The RCMP continues to roll out its updated Incident Management Intervention Model (IMIM) training for all members, which includes a revised module dedicated to crisis intervention and de-escalation. The training enhances a member's ability to recognize people in emotional and mental distress and to consider how police presence, as well as verbal and non-verbal communication, can significantly impact the ability to de-escalate a sensitive situation. Members also receive hands-on experience developing crisis intervention and de-escalation techniques through the IMIM Scenario-Based Training Recertification that has been specifically designed for subjects in crisis.

The RCMP will continue to monitor its mandatory training and evolve its delivery using an evidence-based approach in line with the needs of employees and the public.

Jan 2022

Update

To date, the RCMP has updated its training and programs to more fully integrate and emphasize crisis intervention and de-escalation techniques and strategies to help guide police officers during interventions. This includes improved training on implicit bias, specialized training for experienced officers and updated training for Cadets.

The RCMP has updated its Incident Management Intervention Model (IMIM) in 2020 to provide a greater focus on officer presence, communications and de-escalation. These changes are reflected in training. The RCMP has also increased to yearly, the frequency at which its members knowledge of crisis intervention and de-escalation techniques are refreshed.

There has also been increased engagement and collaboration with Canadian crisis intervention, mental health and police sector academics and researchers, including the RCMP's launch of a national dialogue with Canadian police chiefs to collaboratively re-examine the current de-escalation framework, in consultation with the policing community and specific groups, including those representing racialized people. It is critical that diverse views are heard and considered in this important work. The outcome of this work will inform changes to our police interventions model and de-escalation techniques. Evidence, operational data, research and external consultations will guide the evolution of the RCMP's IMIM, and subsequent training efforts. Learn more about the CACP's resolution on de-escalation and crisis intervention.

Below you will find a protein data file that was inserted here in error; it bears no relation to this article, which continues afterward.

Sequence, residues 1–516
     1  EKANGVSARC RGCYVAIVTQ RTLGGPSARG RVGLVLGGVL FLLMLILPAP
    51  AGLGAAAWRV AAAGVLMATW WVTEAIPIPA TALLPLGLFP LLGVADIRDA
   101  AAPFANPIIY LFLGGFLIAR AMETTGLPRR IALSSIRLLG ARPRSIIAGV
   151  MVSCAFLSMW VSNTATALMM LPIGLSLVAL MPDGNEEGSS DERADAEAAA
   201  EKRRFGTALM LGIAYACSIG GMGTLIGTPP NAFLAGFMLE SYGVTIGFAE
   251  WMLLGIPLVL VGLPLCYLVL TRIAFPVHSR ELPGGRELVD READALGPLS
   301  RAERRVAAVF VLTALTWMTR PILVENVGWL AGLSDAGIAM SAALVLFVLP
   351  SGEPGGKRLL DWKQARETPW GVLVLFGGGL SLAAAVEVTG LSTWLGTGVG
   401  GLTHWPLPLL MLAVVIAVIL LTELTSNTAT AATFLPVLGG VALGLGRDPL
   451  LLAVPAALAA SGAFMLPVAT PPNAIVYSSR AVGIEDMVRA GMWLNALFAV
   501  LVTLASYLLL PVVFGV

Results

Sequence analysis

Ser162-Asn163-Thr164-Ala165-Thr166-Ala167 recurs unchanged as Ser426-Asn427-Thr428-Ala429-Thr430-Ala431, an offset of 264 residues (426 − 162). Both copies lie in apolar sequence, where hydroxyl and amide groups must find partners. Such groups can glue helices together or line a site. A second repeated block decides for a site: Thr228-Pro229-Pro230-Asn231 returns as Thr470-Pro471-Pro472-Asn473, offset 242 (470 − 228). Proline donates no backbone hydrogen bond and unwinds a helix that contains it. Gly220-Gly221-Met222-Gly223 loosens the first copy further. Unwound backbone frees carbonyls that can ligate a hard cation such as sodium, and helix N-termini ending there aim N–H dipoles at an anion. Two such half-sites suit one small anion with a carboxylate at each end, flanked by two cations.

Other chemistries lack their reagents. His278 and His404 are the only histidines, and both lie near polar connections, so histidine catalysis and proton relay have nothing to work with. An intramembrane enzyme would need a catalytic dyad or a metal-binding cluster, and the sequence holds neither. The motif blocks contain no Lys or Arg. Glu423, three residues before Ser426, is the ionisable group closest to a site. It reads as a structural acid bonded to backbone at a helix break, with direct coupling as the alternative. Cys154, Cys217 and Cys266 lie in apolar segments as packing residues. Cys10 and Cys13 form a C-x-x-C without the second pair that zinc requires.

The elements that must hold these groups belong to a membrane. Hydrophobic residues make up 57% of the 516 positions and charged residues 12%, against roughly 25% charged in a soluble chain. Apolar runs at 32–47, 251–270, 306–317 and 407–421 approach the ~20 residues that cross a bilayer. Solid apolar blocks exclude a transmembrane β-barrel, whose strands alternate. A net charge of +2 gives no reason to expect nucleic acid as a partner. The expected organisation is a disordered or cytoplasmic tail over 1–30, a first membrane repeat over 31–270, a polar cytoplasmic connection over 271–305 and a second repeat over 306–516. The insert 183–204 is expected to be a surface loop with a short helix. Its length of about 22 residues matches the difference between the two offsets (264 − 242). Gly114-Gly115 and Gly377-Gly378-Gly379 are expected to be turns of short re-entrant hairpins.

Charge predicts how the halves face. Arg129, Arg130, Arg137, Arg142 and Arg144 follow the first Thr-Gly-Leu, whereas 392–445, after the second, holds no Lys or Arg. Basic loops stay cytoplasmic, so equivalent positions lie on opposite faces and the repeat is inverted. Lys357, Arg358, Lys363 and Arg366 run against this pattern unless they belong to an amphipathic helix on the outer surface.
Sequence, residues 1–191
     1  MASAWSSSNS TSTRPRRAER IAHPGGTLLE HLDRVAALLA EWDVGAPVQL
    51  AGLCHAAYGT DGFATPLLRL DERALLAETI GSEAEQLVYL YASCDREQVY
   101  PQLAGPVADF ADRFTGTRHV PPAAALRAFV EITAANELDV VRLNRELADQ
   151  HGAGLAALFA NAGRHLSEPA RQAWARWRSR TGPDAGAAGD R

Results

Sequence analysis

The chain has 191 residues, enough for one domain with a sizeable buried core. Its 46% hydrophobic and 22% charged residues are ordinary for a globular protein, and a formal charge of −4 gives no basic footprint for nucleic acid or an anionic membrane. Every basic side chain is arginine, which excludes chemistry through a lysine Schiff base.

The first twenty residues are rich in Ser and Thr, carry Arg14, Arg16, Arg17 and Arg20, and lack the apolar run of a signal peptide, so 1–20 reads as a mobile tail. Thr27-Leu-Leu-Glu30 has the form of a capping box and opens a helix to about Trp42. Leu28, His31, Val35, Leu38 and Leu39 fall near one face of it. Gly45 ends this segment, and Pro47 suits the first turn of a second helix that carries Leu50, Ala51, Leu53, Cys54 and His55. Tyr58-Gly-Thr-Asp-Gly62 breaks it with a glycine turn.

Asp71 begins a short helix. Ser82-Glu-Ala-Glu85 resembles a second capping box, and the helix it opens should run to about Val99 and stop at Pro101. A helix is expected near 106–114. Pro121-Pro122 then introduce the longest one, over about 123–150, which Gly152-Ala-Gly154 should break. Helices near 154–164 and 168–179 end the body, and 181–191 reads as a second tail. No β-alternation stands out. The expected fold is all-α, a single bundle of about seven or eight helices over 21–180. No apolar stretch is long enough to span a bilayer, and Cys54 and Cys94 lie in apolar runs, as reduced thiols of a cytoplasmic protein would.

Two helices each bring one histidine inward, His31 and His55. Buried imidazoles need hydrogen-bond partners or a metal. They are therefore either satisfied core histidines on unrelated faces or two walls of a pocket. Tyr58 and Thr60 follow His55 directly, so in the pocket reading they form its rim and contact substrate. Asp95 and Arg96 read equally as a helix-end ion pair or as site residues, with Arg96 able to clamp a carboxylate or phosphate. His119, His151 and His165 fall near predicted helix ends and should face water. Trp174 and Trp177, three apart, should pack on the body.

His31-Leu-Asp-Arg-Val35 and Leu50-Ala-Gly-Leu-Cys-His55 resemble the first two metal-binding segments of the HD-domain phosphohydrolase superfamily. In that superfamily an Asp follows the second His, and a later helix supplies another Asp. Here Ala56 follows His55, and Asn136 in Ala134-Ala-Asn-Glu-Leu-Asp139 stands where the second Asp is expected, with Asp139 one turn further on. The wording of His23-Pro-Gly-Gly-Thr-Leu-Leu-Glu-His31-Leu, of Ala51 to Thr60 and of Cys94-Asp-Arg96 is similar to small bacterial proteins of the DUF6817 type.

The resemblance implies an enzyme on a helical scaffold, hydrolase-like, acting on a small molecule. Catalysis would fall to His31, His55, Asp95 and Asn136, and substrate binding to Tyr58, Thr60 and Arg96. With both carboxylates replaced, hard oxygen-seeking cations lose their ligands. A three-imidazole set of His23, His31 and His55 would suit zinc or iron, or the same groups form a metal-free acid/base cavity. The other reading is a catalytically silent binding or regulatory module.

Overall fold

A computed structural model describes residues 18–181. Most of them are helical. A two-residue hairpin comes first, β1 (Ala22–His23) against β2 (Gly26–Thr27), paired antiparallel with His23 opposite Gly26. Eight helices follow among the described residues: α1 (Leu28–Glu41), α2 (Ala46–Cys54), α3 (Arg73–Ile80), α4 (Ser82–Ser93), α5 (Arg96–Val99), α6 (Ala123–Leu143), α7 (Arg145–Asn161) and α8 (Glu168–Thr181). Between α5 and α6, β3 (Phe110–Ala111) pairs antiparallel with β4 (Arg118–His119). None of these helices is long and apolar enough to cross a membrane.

To promote trust, transparency, and accountability for the Canadian public, the RCMP is committed to open, proactive, and routine disclosure of police intervention option data.

Following last year's release of data from 2010-2019, the 2020 Police Intervention Options Report will now include reporting on a greater number of situational factors (for example: substance use, emotionally disturbed persons, weapons, gender) and provide provincial/territorial breakdowns. The report continues to highlight that 99.9% of all occurrences are resolved naturally or with communication/de-escalation.

The RCMP is currently examining the use of the carotid control technique. As part of this review, the RCMP is participating in a study with a group of experienced international police use of force researchers and physicians related to the carotid control technique. The review and related research will provide objective medical evidence of the risks and benefits of this intervention, which is critical to making evidence-based policy decisions. The report is expected to be published in 2022.

As the RCMP continues to execute its modernization mandate, including the modernization of intervention equipment, it will continue to support current after-action review initiatives that enhance police oversight, accountability and transparency.